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Crypto Scam Comparison 2021 Versus 2020

  • As the crypto market grows, one plague that has remained has been investors falling victims to scams. Spain in particular has been hit hard
  • In 2020, Arbicorp was involved in a crypto scam that saw investors lose over $1 billion
  • In the same year, Spanish authorities arrested Biosca Rodriguez in connection to a Bitcoin Ponzi Scheme that saw investors lose over $298 million
  • Andrea Zanon, who formerly served in the World Bank, allegedly pilfered $137 million and disappeared

The spate of cryptocurrency scams has exponentially increased in leaps and bounds as cryptos continue to gain popularity. From being virtually unheard of in the early days of the tech, cryptocurrency scams have transmogrified into a major thorn for investors in the ecosystem. The persistent occurrence of these scams has led to instances where values have been wiped off and events have triggered the bankruptcy of exchanges and investment firms around the world.

Spain in particular has been plagued by incidences of crypto-related scams as negative actors seek to eke out illegal gains from the pockets of unsuspecting investors. The courts in the Basque nation are currently handling a slew of cryptocurrency scam cases as occurrences have skyrocketed, leading to the loss of millions of dollars. Some of these cases came to the fore in 2020 while a great majority were exposed in 2021

2020 Scams

The cryptocurrency scams that rocked Spain in 2020 were profound, and losses ran into billions of dollars. Most notorious was the bitcoin scam revolving around Arbicorp, owned by Santiago Fuentes. Fuentes was arrested by law enforcement agencies after it was alleged that he had scammed investors through the misrepresentation of facts.

This led to losses running into over $1 billion, exacerbated by the fact that the country was embroiled in a financial crisis occasioned by the Covid-19 pandemic.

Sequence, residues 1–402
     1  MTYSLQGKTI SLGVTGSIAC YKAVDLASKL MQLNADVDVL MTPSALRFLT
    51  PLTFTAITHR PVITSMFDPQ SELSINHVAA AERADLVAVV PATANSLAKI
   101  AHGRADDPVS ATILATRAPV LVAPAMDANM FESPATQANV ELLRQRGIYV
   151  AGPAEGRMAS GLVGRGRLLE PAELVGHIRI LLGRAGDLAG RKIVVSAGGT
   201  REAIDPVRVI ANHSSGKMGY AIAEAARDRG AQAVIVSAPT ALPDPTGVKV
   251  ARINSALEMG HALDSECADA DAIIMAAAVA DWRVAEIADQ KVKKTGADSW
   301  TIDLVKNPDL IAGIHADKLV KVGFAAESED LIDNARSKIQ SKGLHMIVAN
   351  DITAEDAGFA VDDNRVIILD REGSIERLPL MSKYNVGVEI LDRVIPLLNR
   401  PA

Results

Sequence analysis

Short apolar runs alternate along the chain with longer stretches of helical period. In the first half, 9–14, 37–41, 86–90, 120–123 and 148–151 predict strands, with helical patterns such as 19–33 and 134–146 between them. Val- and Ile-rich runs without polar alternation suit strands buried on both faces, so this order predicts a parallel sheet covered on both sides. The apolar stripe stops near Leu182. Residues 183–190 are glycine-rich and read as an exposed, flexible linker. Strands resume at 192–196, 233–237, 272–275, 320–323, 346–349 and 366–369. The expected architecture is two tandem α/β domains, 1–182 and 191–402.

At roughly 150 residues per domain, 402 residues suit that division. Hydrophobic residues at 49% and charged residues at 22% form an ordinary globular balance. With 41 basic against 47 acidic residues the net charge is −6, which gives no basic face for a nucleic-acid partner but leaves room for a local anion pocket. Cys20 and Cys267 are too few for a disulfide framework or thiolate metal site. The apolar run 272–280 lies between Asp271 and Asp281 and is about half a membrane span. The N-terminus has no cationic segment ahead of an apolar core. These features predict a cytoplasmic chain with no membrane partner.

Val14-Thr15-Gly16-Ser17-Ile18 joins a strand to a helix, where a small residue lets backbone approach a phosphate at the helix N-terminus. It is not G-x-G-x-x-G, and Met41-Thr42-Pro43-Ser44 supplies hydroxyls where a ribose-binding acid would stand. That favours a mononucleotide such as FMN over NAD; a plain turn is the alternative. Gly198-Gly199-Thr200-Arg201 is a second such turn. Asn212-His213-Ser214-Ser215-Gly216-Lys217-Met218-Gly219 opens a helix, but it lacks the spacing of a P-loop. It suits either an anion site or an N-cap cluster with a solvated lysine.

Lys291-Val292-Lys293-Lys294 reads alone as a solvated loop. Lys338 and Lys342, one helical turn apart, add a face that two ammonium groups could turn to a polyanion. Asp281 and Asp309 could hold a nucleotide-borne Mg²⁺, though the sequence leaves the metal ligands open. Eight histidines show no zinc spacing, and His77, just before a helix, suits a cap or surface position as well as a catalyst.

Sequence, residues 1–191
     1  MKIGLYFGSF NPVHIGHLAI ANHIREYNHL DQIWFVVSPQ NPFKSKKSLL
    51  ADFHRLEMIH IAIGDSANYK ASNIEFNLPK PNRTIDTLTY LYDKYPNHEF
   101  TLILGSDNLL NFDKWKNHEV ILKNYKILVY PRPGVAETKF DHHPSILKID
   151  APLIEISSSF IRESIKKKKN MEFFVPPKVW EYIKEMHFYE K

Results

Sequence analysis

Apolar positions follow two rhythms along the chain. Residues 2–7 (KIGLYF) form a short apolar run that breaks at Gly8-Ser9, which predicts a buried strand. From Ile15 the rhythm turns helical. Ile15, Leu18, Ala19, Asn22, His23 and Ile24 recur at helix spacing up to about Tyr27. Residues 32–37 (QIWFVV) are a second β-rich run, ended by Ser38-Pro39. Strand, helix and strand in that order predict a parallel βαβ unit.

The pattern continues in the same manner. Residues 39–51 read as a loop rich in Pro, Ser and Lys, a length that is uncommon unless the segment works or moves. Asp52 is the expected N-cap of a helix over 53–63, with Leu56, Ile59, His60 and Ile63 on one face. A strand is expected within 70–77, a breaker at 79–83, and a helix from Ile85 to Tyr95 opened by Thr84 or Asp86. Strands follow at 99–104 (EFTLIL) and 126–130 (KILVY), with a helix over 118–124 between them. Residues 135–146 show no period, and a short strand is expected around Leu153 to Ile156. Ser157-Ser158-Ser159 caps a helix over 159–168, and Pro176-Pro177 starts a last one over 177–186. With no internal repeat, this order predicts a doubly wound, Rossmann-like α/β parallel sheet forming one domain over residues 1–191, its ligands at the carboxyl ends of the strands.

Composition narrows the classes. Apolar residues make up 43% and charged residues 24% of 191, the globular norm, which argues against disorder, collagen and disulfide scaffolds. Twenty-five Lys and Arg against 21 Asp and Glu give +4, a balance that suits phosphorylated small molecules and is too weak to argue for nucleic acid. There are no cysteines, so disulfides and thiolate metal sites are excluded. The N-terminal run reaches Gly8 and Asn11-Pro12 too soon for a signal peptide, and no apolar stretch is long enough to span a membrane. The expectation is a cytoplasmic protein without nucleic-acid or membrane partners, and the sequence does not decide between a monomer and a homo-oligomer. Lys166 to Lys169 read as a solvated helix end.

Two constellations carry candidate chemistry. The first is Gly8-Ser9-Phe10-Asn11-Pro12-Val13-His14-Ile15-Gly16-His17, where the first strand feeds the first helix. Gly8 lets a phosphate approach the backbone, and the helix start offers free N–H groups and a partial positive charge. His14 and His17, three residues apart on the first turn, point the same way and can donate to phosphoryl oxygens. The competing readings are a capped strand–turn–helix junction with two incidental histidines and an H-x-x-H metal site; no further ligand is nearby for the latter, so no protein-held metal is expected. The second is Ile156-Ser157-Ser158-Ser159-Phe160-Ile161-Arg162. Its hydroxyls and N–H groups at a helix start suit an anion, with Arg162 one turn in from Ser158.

The modus operandi of Fuentes’ scam involved convincing potential investors to sink funds into Arbicorp in exchange for obtaining 1% interest on their daily deposits. However, after the investors found it impossible to access their funds, things fell apart and the cat was out of the bag.

In the course of the investigation, it was also discovered that the trading bot experienced a glitch that led to a financially precarious situation for Arbicorp. The number of individuals affected by the scam was well over 100,000 persons and the loss of funds amounted to a staggering $1.07 billion.

Similarly, another cryptocurrency scam was unearthed by Spanish authorities in 2020 which can best be described as a Ponzi scheme. The scheme involved the main culprit, Biosca Rodriguez offering clients returns of around 20% on investments by supposedly buying cryptocurrencies like bitcoin and Ethereum.

Rodriguez ran the scheme by presenting the fact that he owned Algorithm Group although investigations revealed that the company was not registered with the Spanish National Securities Markets Commission.

At the start of the scheme, Rodriguez earned the trust of the investors by paying out the returns on time but, shortly after, and to the surprise of investors, reduced the returns to 10 % weekly. According to legal documents gleaned from a class action lawsuit, $298 million went up in smoke with the money being taken from a wide range of individuals regardless of social class and profession.

On the Flipside

  • Regardless of the epidemic of scams in the country, institutions are still embracing crypto
  • Spanish healthcare group Biziondo, specializing in spine treatments, announced that it will accept bitcoin and other crypto as payment
  • The country recently gave the go-ahead for institutional crypto investment

2021 Scams

As 2020 rolled into 2021, the incidences of cryptocurrency scams continued unabated, clogging the courts with legal actions for crimes, as well as civil claims. At the start of the year, the Spanish police busted a cryptocurrency scam ring and arrested four people in connection to a $15 million Ponzi scheme. The suspects were of several nationalities and operated by verbally convincing their victims to send them bitcoins.